Williamson County saw 61 new COVID-19 cases come in for Tuesday's report. 

The official number for the county now stands at 5,735, with 520 of those cases active. 

5,175 people in that count are either recovered or deemed inactive on state standards, and 40 have died. 71,410 negative tests have been conducted thus far. 

The Tennessee Department of Health has reported a total of 203,699 cases of COVID-19 across the state, up 1,676 cases since Monday on 25,345 new test results — a 7.3 percent positivity rate. 

Of the total number of cases, 8,976 people have been hospitalized and 2,621 have died — up 53 and 24, respectively, from the numbers 24 hours earlier. More than 3 million tests have now been administered in the state.

Across the state, Black and senior residents are dying at disproportionate rates than the rest of the population. Black people make up 27 percent of the state’s overall death toll despite being only 17 percent of the population. In addition, nearly 94 percent of all deaths have come from adults aged 50 and older. 

The number of active cases in Tennessee continues to fluctuate within a range of 13,000 to 16,000, where they’ve been since the beginning of September after public health officials changed the way they calculate the metric. As of Tuesday, the health department reported 15,728 active cases of COVID throughout the state. 

The number of patients hospitalized with COVID across the state has risen 21 percent in the past two weeks, largely driven by the virus infecting older, more rural residents. Nearly 958 people are currently being treated at 110 hospitals; they make up nearly 9 percent of total hospitalizations in the state. 

In terms of capacity, the state reports that 17 percent of inpatient beds and 18 percent of ICU beds remain available. Nearly 70 percent of the state's ventilator supply — which was low in March until officials acquired about 1,000 more — is still available.

House, Senate still at odds over more federal help

The Democratic-controlled U.S. House of Representatives and Republican-controlled U.S. Senate still can’t agree on a plan for additional federal coronavirus help.

Tennessee Republican Sen. Marsha Blackburn told reporters Tuesday that Democrats were asking for too much.

“We’re saying, let’s target it, let’s focus it, let’s meet these needs, but let’s be fair to future generations,” she said, citing a desire to “not add to the national debt.”

Meanwhile, House Democrats passed a bill without Republican support that would provide another round of stimulus checks, extend an additional $600 in weekly unemployment benefits and include more funding for schools and COVID-19 testing.

“It’s a travesty that Senate Republicans refuse to even consider a bill to help the American people,” U.S. Rep. Jim Cooper (D-Nashville) said.

House Speaker Nancy Pelosi and Treasury Secretary Steven Mnuchin have discussed a compromise deal but no agreement is yet in place.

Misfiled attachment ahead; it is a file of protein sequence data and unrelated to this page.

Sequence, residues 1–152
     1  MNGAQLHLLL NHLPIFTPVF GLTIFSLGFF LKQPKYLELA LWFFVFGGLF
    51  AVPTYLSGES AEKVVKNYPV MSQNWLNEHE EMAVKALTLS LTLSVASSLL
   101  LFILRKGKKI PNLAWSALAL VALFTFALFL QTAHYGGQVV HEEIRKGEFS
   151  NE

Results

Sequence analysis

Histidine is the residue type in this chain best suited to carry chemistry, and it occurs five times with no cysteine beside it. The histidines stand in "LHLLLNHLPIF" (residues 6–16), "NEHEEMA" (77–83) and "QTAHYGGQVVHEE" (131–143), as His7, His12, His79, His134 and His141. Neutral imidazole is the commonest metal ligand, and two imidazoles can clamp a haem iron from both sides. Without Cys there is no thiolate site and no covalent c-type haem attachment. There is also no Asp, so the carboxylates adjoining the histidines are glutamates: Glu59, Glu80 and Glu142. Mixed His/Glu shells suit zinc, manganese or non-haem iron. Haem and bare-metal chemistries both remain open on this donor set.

President Donald Trump on Tuesday afternoon said he would stop negotiating a compromise.

FEMA denies state $186M for protective gear in schools 

The Federal Emergency Management Agency has denied Tennessee’s request to refund $186 million the state used to purchase protective equipment and sanitizer for school districts, WPLN reports. 

The federal agency denied the request after a policy change in early September announcing it would no longer pay for safety measures in schools. 

Tennessee will have to pay for the funds out of its existing federal COVID-19 relief funds, which have traditionally been used to provide relief to small businesses, nonprofits and unemployment. 

WPLN reports Gov. Bill Lee hopes to tap into the state’s congressional delegation to lobby FEMA for the funds. 

EC launches Renew Nashville

The Nashville Entrepreneur Center on Monday formally launched Renew Nashville, a five-organization initiative — backed by CARES Act cash funneled to Metro Nashville — to help small businesses and entrepreneurs hurt by the COVID-19 pandemic regain their footing.

The Renew Nashville program also comprises the Nashville Business Incubation Center, Pathway Lending, Conexion Americas and the Nashville Area Chamber of Commerce and makes available at no charge a range of programs, workshops and one-on-one advice.

Business leaders can apply here and expect an answer from the group in two business days.

“The toll from the pandemic is challenging at many levels,” said Jane Allen, CEO of the EC. “But if there’s one thing I know about this community, it’s that we come together — we are resilient. We are working together to take the right actions to help our city recover and be better.”

This post originally appeared in our partner publication, the Nashville Post

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